A request for an opinion must relate to a “question of law” (Article 96 of the Charter of the United Nations, Article 65 of the Statute of the ICJ). The ICJ noted that questions that are “legally formulated and raise issues of international law. are inherently capable of obtaining a response based on the law. The political aspects of the issue do not exclude the Court of Justice from its jurisdiction. (Request for review of Judgment No 158 of the United Nations Administrative Tribunal). A few days after the lodging of the Application, the Court shall draw up a list of States and international organizations which may be in a position to provide information on the matter before it. These States are not in the same situation as the parties to the dispute: their representatives before the Court are not known as agents and their participation in the advisory procedure does not make the Court`s opinion binding on them. As a general rule, the States listed are the member States of the organization requesting comments. Any State which has not been consulted by the Court may request the Court: The ICJ added, however, that some States had expressed concern that the abstract nature of the issue might lead the ICJ to make hypothetical or speculative statements outside its judicial function. However, the ICJ did not consider that, when issuing an opinion on the legality of the threat or use of nuclear weapons, it necessarily had to draft “scenarios”, examine different types of nuclear weapons and evaluate highly complex and politically controversial technological, strategic and scientific information. The ICJ would only have to deal with all aspects of the issues arising by applying the relevant legislation. As the ICJ had to see, it was anything but easy.
In their written submissions, some participants also argued that the ICJ should decline to issue the requested opinion because it had no useful use. They argued that ICJ opinions should be seen as a means of enabling an institution or body in need of legal clarification to obtain such clarification for its future action. In the present case, the argument continues, the General Assembly would not need an advisory opinion from the ICJ because it had already declared the construction of the wall illegal and had already determined its legal consequences by requesting Israel to halt and cancel the construction, and furthermore because the General Assembly had never specified how it intended to use that declaration. The ICJ stated that the statement asserted that the matter submitted to the ICJ was vague and abstract, meaning that there was no specific dispute over the subject matter of the question. The ICJ considered it necessary to draw a distinction between the requirements of the contested procedure and those applicable to expert reports. The purpose of the advisory function was not to settle, at least directly, disputes between States, but to provide legal advice to the institutions and bodies requesting the opinion.58 Therefore, the fact that the matter before the ICJ does not relate to a specific dispute should not lead the ICJ to refuse to issue the requested opinion. Moreover, the ICJ was clearly of the view that the statement that it should not deal with an abstract issue was “a mere confirmation without any justification” and that “the Court may give an opinion on any point of law, abstract or not”.59 This was a very broad statement. Article 48 provides that the Court of Justice shall decide whether a request for an opinion falls within its jurisdiction within the meaning of Article 47. This Article precludes the Court from dealing with questions relating to the content or scope of the rights and freedoms set out in the ECHR or the Protocols annexed thereto, or any other question which the Court or the Committee may have to examine on the basis of proceedings under the ECHR (i.e. questions: that could arise in the context of litigation). These matters do not seem to fall exclusively within the domestic competence of a State.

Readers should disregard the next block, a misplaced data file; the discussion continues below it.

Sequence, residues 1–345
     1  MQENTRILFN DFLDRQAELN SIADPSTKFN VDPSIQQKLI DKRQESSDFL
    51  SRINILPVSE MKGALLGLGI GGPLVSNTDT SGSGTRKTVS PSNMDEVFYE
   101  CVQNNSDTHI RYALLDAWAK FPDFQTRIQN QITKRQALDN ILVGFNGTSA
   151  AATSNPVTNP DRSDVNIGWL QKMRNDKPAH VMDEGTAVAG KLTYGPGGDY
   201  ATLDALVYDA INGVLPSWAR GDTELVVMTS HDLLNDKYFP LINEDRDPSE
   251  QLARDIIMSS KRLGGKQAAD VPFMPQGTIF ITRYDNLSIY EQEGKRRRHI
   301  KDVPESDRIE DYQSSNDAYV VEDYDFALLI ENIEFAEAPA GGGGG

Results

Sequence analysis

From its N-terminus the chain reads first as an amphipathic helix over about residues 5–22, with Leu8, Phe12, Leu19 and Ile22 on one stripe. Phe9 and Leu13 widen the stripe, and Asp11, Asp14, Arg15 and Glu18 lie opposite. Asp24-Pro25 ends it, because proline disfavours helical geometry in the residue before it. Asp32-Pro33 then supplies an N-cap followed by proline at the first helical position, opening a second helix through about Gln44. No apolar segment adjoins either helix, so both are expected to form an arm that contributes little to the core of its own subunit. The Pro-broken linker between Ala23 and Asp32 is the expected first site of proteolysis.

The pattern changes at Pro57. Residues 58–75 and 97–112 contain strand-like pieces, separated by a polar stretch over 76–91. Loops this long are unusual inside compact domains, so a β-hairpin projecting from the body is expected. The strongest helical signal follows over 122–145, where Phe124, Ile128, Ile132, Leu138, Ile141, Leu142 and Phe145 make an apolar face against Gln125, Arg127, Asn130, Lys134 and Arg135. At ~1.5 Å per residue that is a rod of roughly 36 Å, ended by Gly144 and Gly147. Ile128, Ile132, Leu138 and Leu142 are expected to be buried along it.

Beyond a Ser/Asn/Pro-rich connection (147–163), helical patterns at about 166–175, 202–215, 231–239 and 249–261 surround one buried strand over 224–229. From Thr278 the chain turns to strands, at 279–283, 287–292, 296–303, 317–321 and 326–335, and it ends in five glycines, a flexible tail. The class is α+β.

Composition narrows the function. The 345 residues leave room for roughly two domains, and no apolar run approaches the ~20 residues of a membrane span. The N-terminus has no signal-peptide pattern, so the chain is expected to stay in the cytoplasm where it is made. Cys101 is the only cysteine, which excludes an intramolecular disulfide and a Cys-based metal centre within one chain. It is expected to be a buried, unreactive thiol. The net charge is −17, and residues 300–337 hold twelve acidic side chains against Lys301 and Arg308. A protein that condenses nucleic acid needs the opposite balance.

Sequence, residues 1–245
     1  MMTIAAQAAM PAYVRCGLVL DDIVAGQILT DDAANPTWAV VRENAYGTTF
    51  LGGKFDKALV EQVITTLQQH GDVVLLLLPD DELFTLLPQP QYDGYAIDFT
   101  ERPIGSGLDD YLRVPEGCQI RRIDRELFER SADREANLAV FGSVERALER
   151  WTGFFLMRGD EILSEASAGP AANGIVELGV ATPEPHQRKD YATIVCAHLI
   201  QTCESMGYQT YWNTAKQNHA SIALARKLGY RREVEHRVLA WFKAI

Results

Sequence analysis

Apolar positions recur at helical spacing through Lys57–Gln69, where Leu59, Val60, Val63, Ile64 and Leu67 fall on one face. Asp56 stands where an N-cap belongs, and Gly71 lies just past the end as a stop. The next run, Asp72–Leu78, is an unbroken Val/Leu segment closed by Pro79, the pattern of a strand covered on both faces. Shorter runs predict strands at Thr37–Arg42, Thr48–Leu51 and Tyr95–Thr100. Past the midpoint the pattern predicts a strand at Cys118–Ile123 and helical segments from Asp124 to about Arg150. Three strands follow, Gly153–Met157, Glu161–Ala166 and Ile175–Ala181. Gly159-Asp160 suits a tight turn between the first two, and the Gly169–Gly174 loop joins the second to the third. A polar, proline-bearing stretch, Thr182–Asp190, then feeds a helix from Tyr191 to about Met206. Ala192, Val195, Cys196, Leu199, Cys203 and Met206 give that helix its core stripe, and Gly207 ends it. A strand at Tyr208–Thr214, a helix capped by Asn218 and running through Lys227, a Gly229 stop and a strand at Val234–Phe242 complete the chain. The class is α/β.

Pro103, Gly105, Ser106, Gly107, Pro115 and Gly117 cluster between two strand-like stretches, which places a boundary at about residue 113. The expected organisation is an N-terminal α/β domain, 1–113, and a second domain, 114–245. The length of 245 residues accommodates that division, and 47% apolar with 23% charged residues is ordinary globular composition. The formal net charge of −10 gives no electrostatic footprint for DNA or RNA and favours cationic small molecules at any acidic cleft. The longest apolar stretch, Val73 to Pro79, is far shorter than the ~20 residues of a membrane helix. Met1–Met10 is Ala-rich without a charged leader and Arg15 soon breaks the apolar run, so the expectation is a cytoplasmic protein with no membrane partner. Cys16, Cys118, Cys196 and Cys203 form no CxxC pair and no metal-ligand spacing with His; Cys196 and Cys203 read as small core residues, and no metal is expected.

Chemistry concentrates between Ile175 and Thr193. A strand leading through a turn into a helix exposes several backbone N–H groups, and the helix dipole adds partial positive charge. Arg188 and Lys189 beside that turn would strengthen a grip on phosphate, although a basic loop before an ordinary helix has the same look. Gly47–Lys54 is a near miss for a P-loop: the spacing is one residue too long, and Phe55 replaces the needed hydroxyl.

As these are questions of international law, they fall within the scope of matters over which the ICJ could exercise its advisory competence (see Interpretation of Peace Treaties). Some international organizations provide that the opinions they request are legally binding. This is usually the interpretation or application of the constituent instrument of the organization or a contract related to the organization. An example is the Convention on the Privileges and Immunities of the Specialized Agencies (1947).20 Section 32 of Article IX provides that any dispute arising out of the interpretation or application of this Convention shall be submitted to the ICJ unless the parties agree to have recourse to another method of settlement. In the event of a disagreement between one of the specialized agencies and a Member, advice on all relevant legal issues shall be sought. This would be done in accordance with Article 96 of the Charter of the United Nations and Article 65 of the Statute of ICJ, as well as the relevant provisions of the agreements concluded between the United Nations and the specialized agency concerned. The parties to the dispute shall regard the opinion of the expert as decisive. What are the legal consequences of the construction of the wall by Israel, the occupying Power, in the Occupied Palestinian Territory, including in and around East Jerusalem, as described in the report of the Secretary-General, taking into account the rules and principles of international law, including the Fourth Geneva Convention of 1949, and relevant Security Council and General Assembly resolutions81? 85 In paragraphs 138-42, the ICJ rejected in less than a page the argument that the wall was legal because it was intended to protect the citizens of Israel from terrorist attacks. The ICJ referred to the wording of Article 51 of the Charter of the United Nations, which safeguards the right to self-defence and reflects the rule of customary international law.